Israelis say Hamas tunnels remain huge threat

TEL AVIV, Israel - For Israelis, among the obstacles to a longer-term cease-fire is a network of tunnels that extend underground across the border from Gaza. The Israelis say the tunnels leave them wide open to attacks from Hamas, and they'll continue to target them.

Even Saturday during the cease-fire, the Israeli Defense Forces continued to search for tunnels. So far 31 have been found. The IDF describes them as sophisticated and capable of funneling armed Hamas militants across the border with Gaza.

During a recent speech, Israeli Prime Minister Benjamin Netanyahu alluded to terror plots Hamas captives revealed during interrogation and what was hidden in one of the tunnels.

"We found handcuffs and sedatives," Netanyahu said.

He described an underground infrastructure with fortifications, electricity and cables designed to carry out large-scale attacks and kidnappings.

Israeli authorities say the tunnels are designed to allow Hamas militants to pop out without warning and attack Israeli communities. CBS News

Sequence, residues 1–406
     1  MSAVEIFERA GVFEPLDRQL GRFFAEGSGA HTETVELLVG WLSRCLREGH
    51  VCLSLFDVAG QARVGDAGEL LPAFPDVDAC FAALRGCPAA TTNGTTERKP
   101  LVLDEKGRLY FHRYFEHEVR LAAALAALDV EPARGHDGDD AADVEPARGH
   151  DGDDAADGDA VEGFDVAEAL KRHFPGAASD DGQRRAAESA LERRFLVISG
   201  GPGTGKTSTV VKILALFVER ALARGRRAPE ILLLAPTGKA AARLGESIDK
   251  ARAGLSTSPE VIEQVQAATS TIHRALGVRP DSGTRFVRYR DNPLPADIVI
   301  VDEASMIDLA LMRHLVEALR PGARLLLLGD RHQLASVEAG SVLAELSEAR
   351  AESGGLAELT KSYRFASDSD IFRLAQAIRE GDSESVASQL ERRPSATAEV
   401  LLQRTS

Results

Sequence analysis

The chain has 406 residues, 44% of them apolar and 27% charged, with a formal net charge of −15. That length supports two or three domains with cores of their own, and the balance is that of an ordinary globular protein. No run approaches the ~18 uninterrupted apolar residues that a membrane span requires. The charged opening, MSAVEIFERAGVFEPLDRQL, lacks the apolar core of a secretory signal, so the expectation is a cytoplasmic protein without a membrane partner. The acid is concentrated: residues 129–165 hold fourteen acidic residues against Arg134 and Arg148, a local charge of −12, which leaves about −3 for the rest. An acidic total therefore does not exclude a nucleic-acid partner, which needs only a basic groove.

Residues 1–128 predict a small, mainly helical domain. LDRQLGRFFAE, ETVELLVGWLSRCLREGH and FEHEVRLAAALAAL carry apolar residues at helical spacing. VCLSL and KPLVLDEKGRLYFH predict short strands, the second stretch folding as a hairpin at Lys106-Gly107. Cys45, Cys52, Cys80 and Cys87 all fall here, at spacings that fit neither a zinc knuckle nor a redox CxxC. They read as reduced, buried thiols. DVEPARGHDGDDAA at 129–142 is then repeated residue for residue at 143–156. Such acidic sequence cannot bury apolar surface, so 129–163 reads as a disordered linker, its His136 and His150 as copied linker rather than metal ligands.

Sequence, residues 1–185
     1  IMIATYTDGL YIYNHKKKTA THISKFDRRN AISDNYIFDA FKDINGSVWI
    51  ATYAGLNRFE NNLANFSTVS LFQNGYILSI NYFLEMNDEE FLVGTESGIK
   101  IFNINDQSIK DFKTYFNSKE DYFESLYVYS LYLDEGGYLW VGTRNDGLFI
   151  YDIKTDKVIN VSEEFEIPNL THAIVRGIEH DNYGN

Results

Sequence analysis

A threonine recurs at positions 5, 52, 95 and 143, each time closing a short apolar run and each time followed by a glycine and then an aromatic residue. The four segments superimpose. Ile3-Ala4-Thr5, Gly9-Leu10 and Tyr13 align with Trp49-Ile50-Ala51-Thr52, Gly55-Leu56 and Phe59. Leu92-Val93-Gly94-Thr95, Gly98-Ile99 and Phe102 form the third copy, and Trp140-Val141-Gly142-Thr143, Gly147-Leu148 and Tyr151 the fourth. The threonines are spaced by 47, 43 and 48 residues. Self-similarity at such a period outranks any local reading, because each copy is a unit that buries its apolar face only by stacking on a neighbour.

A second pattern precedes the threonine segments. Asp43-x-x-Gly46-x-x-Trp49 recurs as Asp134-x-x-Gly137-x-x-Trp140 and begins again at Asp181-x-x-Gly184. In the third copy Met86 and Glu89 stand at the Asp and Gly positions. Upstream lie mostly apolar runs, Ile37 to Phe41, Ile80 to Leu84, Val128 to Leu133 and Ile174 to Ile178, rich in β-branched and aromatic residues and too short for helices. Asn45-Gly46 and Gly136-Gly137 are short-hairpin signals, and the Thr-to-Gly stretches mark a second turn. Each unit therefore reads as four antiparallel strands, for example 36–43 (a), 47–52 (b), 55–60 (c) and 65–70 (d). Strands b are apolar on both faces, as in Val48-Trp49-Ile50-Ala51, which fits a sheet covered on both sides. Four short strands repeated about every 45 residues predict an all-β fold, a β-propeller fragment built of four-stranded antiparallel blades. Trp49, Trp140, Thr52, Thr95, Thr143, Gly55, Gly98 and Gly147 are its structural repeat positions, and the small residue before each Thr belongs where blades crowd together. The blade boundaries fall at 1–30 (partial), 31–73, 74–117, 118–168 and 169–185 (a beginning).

One such plot involved hundreds of militants attacking Israeli farm communities.

"There have been a number of specific plots that have been uncovered, one of massive scale" said Mark Regev, Netanyahu's spokesman.

"The tunnels are designed to allow armed groups to pop out on our side of the frontier with explosives, with automatic weapons, with rocket-propelled grenades, with anti-tank weapons, to enter our communities - a kibbutz, a farm or a small city - and to murder, cause mayhem, to terrorize," he said.

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Michal Ben-Hillel's home in kibbutz Nir Amis less than 300 yards from the border. Last week he was asleep when he was awakened by the sound of gunfire.

"Ten terrorists went through a tunnel which they had dug and popped up 200 meters from the border. Our intelligence spotted the entrance, they called the helicopters and the helicopters came in and shot all of them," Ben-Hillel said.

"No country would allow people just popping at night for the purposes of killing and murdering," he said.

Some of the tunnels are large enough to drive a truck through. The network, which also extends under Gaza City, was described by a former head of Israeli military intelligence as "like the streets of New York City underground."